Old English present participles were marked with an ending in -ende (or -iende for verbs whose infinitives ended in -ian).
In Middle English, the form of the present participle varied across regions: -ende (southwest, southeast, Midlands), -inde (southwest, southeast), -and (north), -inge (southeast). The last is the one that became standard, falling together with the suffix -ing used to form verbal nouns. See -ing (etymology).
In addition, various compound participles can be formed, such as having done, being done, having been doing, having been done.
Participles, or participial phrases (clauses) formed from them, are used as follows:
Additionally, participles that express an adjectivally attributive meaning can be affixed to form adverbs, such as interestingly and excitedly.
2. In postpositive phrases. These are often regarded as functioning as a reduced relative clause:
The present participle forms the progressive aspect with the auxiliary verb be:
The past participle forms the perfect aspect with the auxiliary verb have:
6. As a gerund. The gerund is traditionally regarded as distinct from the present participle. A gerund can function transitively (e.g., "I like eating ice cream") or intransitively (e.g., "I like swimming"). In both instances, a gerund functions nominatively rather than adjectivally or adverbially—whether as an object (e.g., "I like sleeping") or as a subject (e.g., "Sleeping is not allowed"). Although gerunds and present participles are morphologically identical, their grammatical functions differ substantially.
When the meaning is "The practice of flying a plane is dangerous," flying functions as a gerund; when the danger concerns "Planes that fly" or "Planes when they are flying" (i.e., in contrast to grounded planes), flying is being used adjectivally as a participle. For more on the distinctions between these uses of the -ing verb form, see -ing: uses.
The following table summarises some of the uses of participles in English:
In all of the Scandinavian languages the past participle has to agree with the noun to some degree. All of the Scandinavian languages have mandatory agreement with the noun in number. Nynorsk and Swedish have mandatory agreement in both number and gender. Icelandic and Faroese have agreement in number, gender and case. For the present participle there is no agreement.
The participles are marked in bold. The first example involves a present participle and the two latter examples involves a past participle. All present participles end with an -ande suffix.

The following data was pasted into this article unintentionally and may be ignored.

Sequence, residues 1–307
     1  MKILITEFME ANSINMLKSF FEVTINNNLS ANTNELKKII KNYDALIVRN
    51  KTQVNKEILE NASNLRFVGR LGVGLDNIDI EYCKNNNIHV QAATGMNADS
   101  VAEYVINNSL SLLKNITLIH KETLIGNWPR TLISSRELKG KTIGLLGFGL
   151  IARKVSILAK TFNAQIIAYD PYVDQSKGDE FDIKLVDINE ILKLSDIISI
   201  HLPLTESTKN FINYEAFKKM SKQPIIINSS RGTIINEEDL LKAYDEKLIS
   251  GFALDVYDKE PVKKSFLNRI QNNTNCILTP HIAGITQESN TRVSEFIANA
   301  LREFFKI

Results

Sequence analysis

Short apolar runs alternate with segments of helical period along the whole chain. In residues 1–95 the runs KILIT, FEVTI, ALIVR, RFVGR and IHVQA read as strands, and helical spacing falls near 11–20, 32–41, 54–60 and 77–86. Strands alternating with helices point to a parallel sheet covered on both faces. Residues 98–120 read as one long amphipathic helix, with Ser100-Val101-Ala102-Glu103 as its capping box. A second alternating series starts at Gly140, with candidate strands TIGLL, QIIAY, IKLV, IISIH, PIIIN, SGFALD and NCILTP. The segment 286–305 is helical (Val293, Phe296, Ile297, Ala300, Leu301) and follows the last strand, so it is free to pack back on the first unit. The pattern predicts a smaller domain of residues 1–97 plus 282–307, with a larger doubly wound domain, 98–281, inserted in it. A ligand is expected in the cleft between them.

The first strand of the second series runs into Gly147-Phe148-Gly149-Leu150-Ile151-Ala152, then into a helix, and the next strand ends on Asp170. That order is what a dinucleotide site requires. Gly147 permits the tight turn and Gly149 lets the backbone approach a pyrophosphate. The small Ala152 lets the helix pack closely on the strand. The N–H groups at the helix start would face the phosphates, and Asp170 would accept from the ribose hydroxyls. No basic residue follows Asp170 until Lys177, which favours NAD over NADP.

Latin grammar was studied in Europe for hundreds of years, especially the handbook written by the 4th-century teacher Aelius Donatus, and it is from Latin that the name and concept of the participle derives. According to Donatus there are four participles in Latin, as follows:
However, many modern Latin grammars treat the gerundive as a separate part of speech.
The perfect participle is usually passive in meaning, and thus mainly formed from transitive verbs, for example frāctus "broken", missus "sent (by someone)". However, certain verbs (called deponent verbs) have a perfect participle in an active sense, e.g. profectus "having set out", hortātus "having encouraged", etc. The present and future participles are always active, the gerundive usually passive.
Because a participle is an adjective as well as a verb, just like any other Latin adjective its ending changes according to the noun it describes. So when the noun is masculine, the participle must be masculine; when the noun is in the accusative (object) case, the participle is also in the accusative case; when the noun has plural endings, the participle also has plural endings. Thus a simple participle such as frāctus "broken" can change to frācta, frāctum, frāctī, frāctō and so on, according to its gender, number, and case.
A participle can have a descriptive meaning like an adjective, or a more dynamic meaning like a verb. Thus in the following sentence the participle strīctō "drawn" is better taken as describing an action ("he drew his sword" or "after drawing his sword") rather than as describing the sword ("with a drawn sword"):
The dynamic, verbal meaning is more common, and Latin often uses a participle where English might use a simple verb.
The present participle often describes the circumstances attending the main verb. A typical example is:
Both the future and the perfect participle (but not the present participle) can be used with various tenses of the verb esse "to be" to make a compound tense such as the future-in-the-past or the perfect passive:
The perfect and future participles can also be used, with or without the verb esse "to be", in indirect speech clauses:
In Spanish, the so-called present or active participle (participio activo or participio de presente) of a verb is traditionally formed with one of the suffixes -ante, -ente or -iente, but modern grammar does not consider it a true participle, as such forms usually have the meaning of simple adjectives or nouns: e.g. amante "loving" or "lover", viviente "living" or "live".
Another participial form is known as the gerundio, which ends in an (unchanging) suffix -ando, -endo, or -iendo. The gerundio is used in combination with the verb estar ("to be") to make continuous tenses: for example, estar haciendo means "to be doing" (haciendo being the gerundio of hacer, "to do"), and there are related constructions such as seguir haciendo meaning "to keep doing" (seguir being "to continue"). Another use is in phrases such as vino corriendo ("he/she came running") and lo vi corriendo ("I saw him running").